New member dipping his toe in.....


I’m an old fart who did his NS in group 54/06 and spent most of his time in Berlin holding back the Mongolian hordes. Technically it was active service because we expected the Russkies to move in on us at any moment but of course it never happened. Apart from boring duties like guarding Spandau Gaol and patrolling the border of the sector we had a whale of a time soaking up the night life of Berlin which was still in 1930s mode. This was before the Wall and so we had access to the Russian Sector as well.

Don’t worry, I’ll not go on about the old days unless someone asks a question. The thing that has brought me to this site is the sheer novelty of an avenue whereby a serving soldier can actually speak his/her mind. Probably a good job we didn’t have the same opportunity in those days. To give you an idea, a sure ticket home was to leave a copy of the Daily Worker on view in your bed space….. [DW was the official UK paper for the Communist Party]

What intrigues me is that so many things have changed but I detect other things that haven’t. Your equipment is of course totally different, we were still using WW2 17pdrs. [That’s the reason why I posted in Gunners, I was A/Tank right through my service] However, I watch with sorrow those lads in Afghanistan riding round in soft skin LRs and short of logistic support and I have to reflect that some things never change.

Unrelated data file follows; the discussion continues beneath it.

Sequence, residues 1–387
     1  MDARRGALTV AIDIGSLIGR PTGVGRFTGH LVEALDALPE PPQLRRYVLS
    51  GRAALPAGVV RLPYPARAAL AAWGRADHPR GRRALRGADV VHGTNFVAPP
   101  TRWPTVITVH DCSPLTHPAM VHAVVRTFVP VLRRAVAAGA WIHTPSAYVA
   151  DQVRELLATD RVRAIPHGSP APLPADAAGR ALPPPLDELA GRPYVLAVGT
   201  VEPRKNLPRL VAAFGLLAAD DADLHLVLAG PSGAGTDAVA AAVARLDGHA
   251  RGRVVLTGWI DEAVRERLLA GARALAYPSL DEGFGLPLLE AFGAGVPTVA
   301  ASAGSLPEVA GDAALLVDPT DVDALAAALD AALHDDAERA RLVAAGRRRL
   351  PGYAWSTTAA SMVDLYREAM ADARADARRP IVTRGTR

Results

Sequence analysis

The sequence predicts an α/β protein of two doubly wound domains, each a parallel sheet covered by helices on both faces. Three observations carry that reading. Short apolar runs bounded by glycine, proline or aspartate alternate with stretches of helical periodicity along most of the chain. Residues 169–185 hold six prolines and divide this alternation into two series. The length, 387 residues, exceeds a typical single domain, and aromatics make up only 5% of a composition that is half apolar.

So if any of you are interested in finding out what the similarities/differences are, I’d be pleased to respond. One thing that might trigger you off. I read things like the Deepcut report and it’s like another world. Our training was hard but in two years I never saw a single instance of bullying or harassment. Something seems to have changed, and perhaps not for the better.
Hello Swagman - Gunners are usually in after lunch, do have a look around the other forums though.

Welcome and enjoy.
Hello, Swagman. Welcome to the site.

You were in Berlin 7 years before the wall went up, well I was there 7 years before it came down! I was there in 1982, and no doubt did some of the same things you did. I remember guarding Spandau Prison. Hess was the only inmate. We also did things like military train guard on the train that ran through the corridor from West Germany to Berlin. They were interesting times. Berlin still had its vaguely decadent and hedonistic air even in 1982. The nightlife was excellent.

However I was not a gunner!!!

I hope you enjoy being a member of this site.

Ooh, err. Now you come to mention it I remember Mon Cheri's as well. And a few other salubrious joints of a similar sort.

There was a place called "Haus King George" which had a standard show each night featuring various skilled practitioners of their particular art. It was accompanied by a tape recorded commentary. We used to sit and plot how to nick the cassete from the sound system.

Needless to say we never managed it.